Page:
|Publication number||US4383676 A|
|Application number||US 06/310,775|
|Publication date||May 17, 1983|
|Filing date||Oct 13, 1981|
|Priority date||Oct 13, 1981|
|Publication number||06310775, 310775, US 4383676 A, US 4383676A, US-A-4383676, US4383676 A, US4383676A|
|Inventors||Thomas Souza, Jr.|
|Original Assignee||Souza Jr Thomas|
|Export Citation||BiBTeX, EndNote, RefMan|
|Patent Citations (4), Referenced by (17), Classifications (9), Legal Events (4)|
|External Links: USPTO, USPTO Assignment, Espacenet|
This invention relates to railing systems and more particularly to one which, due to its novel post and rail construction, has the superior structural rigidity needed for use on the edges of existing or newly constructed balconies of the masonry slab type.
A number of railing constructions have been provided for use along the edges of balconies and walkways of the slab type.
In construction of this nature, a minimum number of posts, aesthetic appeal, maintenance and assembly ease and the necessary structural integrity of the assembled system are the factors of primary importance. Structural integrity takes on added significance when such construction is used on balconies of high rise buildings and the like to insure maximum safety. Generally such railing constructions include at least one vertical post and a top horizontal railing and, most often, a bottom railing parallel to the top railing with a plurality of spaced-apart pickets or several panels extending between the railings. One of the principal reasons of failure of such railing systems over a short period of years resides in the fact that the vertical posts cannot be adequately held structurally in a thin balcony slab which typically measures four inches or so in thickness. The post is usually secured in a hole approximately three inches deep and there surrounded with a grout. One major disadvantage with this type of construction is that water etc., has a tendency to loosen the grout and post over a period of time and because the depth the hole is so shallow, a real safety hazzard develops. In addition, the phenomenon of electrolysis often acts between the metal posts, the grout and the concrete slab to further hasten the deterioration of the joint.
In accordance with the present invention, a railing construction is provided which overcomes the aforementioned disadvantages of the prior art railing constructions. More particularly, the subject railing construction includes at least one post having a vertical section for supporting elongated top and bottom rails having a plurality of spaced apart pickets or a panel extending between the rails and a horizontal section extending a distance from the lower end of the vertical section beneath the masonry floor and secured thereto by bolts or the like. The top and bottom rails have a central member substantially I-shaped in cross-section. The central members are interlocked with an inner plate member which is itself secured to the vertical section and the ends of which are adapted to be connected to side walls of the balcony enclosure. An outer member is also snapped in place on the upper portion of the central member to complete the assemblage. The use of posts which are of stronger construction enables fewer posts to be used and the I-shaped central member of the rail, enables them to be considerably longer in length than those of the prior art to thereby span the increased distance between the posts. A plurality of spaced apart pickets or panel members can be connected to the central members of the top and bottom rails and extend therebetween.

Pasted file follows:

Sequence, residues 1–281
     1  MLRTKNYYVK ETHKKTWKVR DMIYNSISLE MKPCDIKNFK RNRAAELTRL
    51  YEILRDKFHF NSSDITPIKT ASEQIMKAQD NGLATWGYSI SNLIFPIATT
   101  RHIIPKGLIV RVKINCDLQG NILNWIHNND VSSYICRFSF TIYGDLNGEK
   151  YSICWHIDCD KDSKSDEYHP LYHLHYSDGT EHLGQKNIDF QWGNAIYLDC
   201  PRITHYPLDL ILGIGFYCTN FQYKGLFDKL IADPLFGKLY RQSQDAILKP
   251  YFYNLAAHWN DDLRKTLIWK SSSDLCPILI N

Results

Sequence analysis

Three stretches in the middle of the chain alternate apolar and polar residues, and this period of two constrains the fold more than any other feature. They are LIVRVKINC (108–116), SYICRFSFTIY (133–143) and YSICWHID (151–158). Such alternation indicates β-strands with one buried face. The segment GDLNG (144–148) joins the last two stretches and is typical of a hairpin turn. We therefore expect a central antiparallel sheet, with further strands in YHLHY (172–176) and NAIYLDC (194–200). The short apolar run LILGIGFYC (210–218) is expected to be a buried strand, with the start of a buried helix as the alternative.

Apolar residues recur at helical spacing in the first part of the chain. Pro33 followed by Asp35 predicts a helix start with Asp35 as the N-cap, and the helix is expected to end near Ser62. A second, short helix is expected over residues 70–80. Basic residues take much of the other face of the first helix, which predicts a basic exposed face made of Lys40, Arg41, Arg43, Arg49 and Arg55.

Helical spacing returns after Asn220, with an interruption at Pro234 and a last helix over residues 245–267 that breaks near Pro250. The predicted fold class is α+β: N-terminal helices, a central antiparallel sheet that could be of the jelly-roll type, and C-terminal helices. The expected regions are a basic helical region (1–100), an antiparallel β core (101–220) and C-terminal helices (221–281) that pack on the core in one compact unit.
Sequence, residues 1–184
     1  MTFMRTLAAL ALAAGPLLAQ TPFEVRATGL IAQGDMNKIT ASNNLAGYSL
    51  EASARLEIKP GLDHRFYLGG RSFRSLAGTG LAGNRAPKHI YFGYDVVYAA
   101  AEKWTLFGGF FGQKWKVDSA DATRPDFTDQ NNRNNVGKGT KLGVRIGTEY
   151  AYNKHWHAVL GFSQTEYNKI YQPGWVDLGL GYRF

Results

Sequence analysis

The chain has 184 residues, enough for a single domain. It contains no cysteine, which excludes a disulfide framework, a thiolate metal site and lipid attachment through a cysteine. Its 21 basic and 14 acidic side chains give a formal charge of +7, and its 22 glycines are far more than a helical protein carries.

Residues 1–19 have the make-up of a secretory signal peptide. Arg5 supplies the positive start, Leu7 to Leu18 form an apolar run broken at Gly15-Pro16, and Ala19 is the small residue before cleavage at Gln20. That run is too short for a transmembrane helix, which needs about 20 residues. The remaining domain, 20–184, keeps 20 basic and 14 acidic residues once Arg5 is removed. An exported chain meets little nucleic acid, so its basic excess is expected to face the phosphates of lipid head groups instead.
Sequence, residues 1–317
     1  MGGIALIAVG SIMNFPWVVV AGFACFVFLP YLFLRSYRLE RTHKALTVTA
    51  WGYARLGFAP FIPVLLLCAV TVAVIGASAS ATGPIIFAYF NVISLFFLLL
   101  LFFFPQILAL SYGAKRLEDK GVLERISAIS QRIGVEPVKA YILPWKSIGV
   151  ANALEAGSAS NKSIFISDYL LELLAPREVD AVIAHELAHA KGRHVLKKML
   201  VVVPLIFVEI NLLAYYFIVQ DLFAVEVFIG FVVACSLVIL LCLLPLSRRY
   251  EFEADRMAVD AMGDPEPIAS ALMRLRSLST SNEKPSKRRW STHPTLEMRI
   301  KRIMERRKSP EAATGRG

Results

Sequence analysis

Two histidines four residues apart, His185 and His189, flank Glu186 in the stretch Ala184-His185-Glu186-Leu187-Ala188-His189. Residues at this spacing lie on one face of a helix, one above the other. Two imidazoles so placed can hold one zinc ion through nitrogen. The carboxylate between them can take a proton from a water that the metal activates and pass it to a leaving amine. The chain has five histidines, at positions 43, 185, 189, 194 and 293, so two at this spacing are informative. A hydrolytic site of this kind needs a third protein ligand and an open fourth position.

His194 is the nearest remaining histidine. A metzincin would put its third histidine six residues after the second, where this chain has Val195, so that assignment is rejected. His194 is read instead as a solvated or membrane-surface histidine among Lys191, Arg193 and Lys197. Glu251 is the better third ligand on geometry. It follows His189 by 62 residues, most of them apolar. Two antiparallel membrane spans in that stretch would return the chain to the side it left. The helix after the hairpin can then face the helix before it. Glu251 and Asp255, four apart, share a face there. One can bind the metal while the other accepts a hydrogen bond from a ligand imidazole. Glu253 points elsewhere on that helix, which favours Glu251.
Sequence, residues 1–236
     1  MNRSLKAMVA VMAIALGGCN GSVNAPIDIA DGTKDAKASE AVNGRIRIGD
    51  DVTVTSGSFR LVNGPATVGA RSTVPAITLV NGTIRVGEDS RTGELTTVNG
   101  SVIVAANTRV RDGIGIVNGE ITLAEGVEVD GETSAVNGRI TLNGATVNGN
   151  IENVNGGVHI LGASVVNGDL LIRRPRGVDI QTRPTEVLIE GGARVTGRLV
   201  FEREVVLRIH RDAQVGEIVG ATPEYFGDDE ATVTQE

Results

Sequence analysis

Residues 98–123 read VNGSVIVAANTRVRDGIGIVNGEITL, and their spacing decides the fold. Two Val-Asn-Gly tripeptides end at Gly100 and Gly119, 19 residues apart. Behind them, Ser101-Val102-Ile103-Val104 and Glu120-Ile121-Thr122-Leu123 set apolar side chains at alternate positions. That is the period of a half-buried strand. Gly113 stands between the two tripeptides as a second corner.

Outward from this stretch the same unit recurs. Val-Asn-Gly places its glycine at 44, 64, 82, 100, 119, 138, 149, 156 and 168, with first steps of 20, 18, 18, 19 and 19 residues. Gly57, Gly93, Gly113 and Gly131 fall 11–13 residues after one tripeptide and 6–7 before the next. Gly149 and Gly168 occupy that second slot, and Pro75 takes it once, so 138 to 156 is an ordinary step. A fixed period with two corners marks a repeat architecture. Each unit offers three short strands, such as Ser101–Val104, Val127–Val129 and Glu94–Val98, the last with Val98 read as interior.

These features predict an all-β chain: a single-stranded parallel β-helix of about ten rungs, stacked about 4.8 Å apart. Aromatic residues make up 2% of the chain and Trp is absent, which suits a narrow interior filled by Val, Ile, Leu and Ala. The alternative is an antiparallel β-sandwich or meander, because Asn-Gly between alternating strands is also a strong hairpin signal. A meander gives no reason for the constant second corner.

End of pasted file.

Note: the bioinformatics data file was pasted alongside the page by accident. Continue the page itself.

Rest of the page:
The primary object of the present invention is the provision of an improved railing construction which, due to its novel structural features, can be easily attached to new or existing balconies or walkways of stole-type masonry.
A further object of the present invention is the provision of an improved railing construction which is simple to assemble and install and which, as a result of the inherent structural rigidity of each of the components resulting from their particular shape, enables fewer posts to be used and longer rails between posts thereby reducing costs and effecting a greater aesthetic appeal.
Another object of the present invention is the provision of an improved railing system which has a novel post construction enabling it to be easily mounted on new or existing slab type balconies or walkways resulting in a system with greater overall safety and useful life.
The foregoing objects, and others, will in part be obvious and in part pointed out more fully hereinafter in conjunction with the descriptions of the preferred embodiments of the invention illustrated in the accompanying drawing in which:
FIG. 1 is a perspective view of the railing system of the present invention installed on a balcony;
FIG. 2 is a side elevational view in partial cross-section taken along the lines 2--2 of FIG. 1;
FIG. 3 is a front elevational view in partial cross-section taken along the lines 3--3 of FIG. 2; and
FIG. 4 is a cross-sectional view taken along the lines 4--4 of FIG. 3.
Referring now to the drawings where like characters of reference indicate like parts in each of the several figures, FIG. 1 shows, for purposes of illustration only, a railing construction 10 on a balcony of a building having a horizontal concrete slab type floor 12 extending between vertical partition walls 14. The railing construction includes a post 16 secured to the floor 12 in a manner to be more fully described later, a horizontal top rail 18, horizontal bottom rail 20 and vertical pickets 22 between the top and bottom rails.